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The Agricultural Revolution

The Agricultural Revolution. 15 th - 18th Century Farming. You’re a peasant farmer: Why are you a farmer? Where do you farm? What do you farm? How do you farm?. Traditional Village Farm life – “Farmville” LIterally. 3 Field System –semi-collectivist. Cooperative plowing

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The Agricultural Revolution

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  1. The Agricultural Revolution 15th- 18th Century Farming

  2. You’re a peasant farmer: • Why are you a farmer? • Where do you farm? • What do you farm? • How do you farm? Traditional Village Farm life – “Farmville” LIterally

  3. 3 Field System –semi-collectivist • Cooperative plowing • Conserved the quality of land • Balanced distribution of good land • Rights afforded to peasants in a village • Could sell surplus if there was a market • Farmers were part of a “team” • Gleaning allowed

  4. The Netherlands was above the pack in their farming techniques • Limited space in which to farm • Innovative techniques for drainage, increasing crop yields • Use of windmills and better tools • Spread ideas to England by 1700s Revolution in Technologies

  5. The Seed Drill (1700) • Planted seed in neat rows • Improved germination by making furrow, dropping seed into them, and covering them • Reduced amount of seed used in planting

  6. Horse-drawn cultivator – Jethro Tull • Cast-iron plow (1797) – American Charles Newbold • Reaper – Englishman Joseph Boyce (1799) and American Cyrus McCormic (1834) • Self-cleaning steel plow – John Deere(1837) • Thresher – separated grain from stalk • Harvester – cut and bind grain • Combine - cut, thresh, and sack grain • Tractor – pulled equipment through the field • Corn planter • Potato digger • Electric milker • Cotton picker Additional Machines

  7. Scientific Agriculture Scientific Breeding • 1725-1795 • Selective breeding of animals • Produced more and better animals • Produced more milk and meat Crop Rotation • English gentleman farmer Viscount Charles “Turnip” Townsend • Alternating grain crops: wheat and barley, with soil enriching crops: turnips and clovers. • No longer had to leave land fallow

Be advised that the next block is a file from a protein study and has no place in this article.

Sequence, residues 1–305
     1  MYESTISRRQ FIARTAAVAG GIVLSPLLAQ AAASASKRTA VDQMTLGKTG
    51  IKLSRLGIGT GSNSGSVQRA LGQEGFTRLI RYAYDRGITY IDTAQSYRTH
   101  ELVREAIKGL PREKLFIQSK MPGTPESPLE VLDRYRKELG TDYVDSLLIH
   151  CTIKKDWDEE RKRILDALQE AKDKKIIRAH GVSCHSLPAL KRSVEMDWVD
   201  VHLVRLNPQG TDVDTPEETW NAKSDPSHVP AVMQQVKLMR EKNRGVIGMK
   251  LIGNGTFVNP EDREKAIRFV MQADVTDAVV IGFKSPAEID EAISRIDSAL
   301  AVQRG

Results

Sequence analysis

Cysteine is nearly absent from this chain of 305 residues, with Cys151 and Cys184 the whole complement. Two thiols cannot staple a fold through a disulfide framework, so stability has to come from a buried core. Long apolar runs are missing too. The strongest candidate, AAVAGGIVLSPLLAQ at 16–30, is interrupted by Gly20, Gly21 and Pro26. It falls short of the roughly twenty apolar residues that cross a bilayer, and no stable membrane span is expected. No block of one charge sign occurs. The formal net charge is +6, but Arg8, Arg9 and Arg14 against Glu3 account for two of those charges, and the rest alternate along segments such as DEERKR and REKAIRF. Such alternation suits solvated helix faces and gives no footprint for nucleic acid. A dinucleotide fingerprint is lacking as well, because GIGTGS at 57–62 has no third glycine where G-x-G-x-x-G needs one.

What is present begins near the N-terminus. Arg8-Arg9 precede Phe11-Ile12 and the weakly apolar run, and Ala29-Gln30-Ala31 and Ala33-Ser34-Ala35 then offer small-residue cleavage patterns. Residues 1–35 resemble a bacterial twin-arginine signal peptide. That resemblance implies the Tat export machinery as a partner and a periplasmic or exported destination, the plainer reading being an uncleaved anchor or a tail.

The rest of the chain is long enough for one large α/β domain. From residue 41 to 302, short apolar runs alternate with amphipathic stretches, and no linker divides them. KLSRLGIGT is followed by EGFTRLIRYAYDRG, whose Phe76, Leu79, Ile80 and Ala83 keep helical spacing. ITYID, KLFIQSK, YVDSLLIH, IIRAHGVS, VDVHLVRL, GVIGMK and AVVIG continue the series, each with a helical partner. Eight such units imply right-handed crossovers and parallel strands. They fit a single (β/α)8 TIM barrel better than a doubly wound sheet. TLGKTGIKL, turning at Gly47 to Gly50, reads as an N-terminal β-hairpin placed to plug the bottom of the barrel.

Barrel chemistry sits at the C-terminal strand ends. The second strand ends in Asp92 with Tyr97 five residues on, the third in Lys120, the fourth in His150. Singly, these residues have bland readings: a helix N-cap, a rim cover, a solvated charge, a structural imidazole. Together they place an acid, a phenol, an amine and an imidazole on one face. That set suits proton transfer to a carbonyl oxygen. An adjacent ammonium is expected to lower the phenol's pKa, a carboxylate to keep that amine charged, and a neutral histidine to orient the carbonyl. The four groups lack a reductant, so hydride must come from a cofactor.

8. http://www.foodafactoflife.org.uk/VideoActivity.aspx?siteId=14&sectionId=63&contentId=163&titleId=169http://www.foodafactoflife.org.uk/VideoActivity.aspx?siteId=14&sectionId=63&contentId=163&titleId=169 https://www.youtube.com/watch?v=s9G7XzgG6So Wheat Production

  9. Spinning wool into thread by hand https://www.youtube.com/watch?v=ShSIOF0o5js Traditional wool production https://www.youtube.com/watch?v=V2iY4VFDiZI Sheep shearing – traditional - https://www.youtube.com/watch?v=L62EmEsacEYmodern - https://www.youtube.com/watch?v=KeQCVGtfjA4 Yarn Production

  10. Enclosure • Before • AFTER • Each landowner received a single piece of property • No common lands

  11. Landowners had the political strength to pass the enclosure law • Owned large unified farms under this system • Farming was more efficient • Didn’t need consent of the village to experiment with new crop methods Benefits to Landowners

  12. Had to pay for : • Required fencing • A team of oxen • Could no longer glean or gather wood • Often had to sell plots to large landowners: • Forced to Rent or • Work for someone else • Increasing the # of men looking for work Small Farmers Forced off Their Land

  13. Use your book or your phone to look up the “putting-out” system or domestic system of the cottage industry With a partner or with your table, draw out the steps of the putting out system Repurposing the Peasant

  14. How would you classify the lives of the hay farmers in Transylvania? • Why did many people leave the old ways behind during the mid-20th century? • What is lost when people embrace new technologies fully? • Do you sometimes feel as though you would want to escape the modern world for something like this? • Why is there a concerted effort now to continue with this way of life? • How can you relate the issues raised in this article to the Enlightenment and the Agricultural revolution? Read “hay, Beautiful” and then respond:

  15. Primogeniture – inheritance law • 1st born son:inherits the estate of the father completely. • 2nd, 3rd, et. al. sons:do not inherit the estate unless 1st born and any other before them die

  16. Ancient practice, brought back during feudal era in Medieval Europe to ensure inheritance stayed within family • Consolidated power within the head of the estate or nation (re: royal succession) • remember the lineage issues in 100 Yrs War? Primogeniture’s History

  17. The later-born sons would be expected to find their own way in the world • Many joined the monastic life to ensure that their well-being would be provided for • Others set off into the world as explorers and once the “New World” was settled, left to find fortunes elsewhere • Women were typically not considered for inheritance rights, even if they were firstborn. Effects of Primogeniture

  18. Effects • The number of farmers, in proportion to total population, decreased sharply • Many farmers moved to the cities • The population of cities increased rapidly • Farmers found their work less difficult because machines performed the back breaking labor • Farming changed from a self-sufficient way of life to big business • Agricultural production increased • Cost of foodstuffs dropped • Increased production of food resulted in part, in a rapid growth of population • Large farms, using machines and scientific methods, began to dominate agriculture • Number of small farms began to decline

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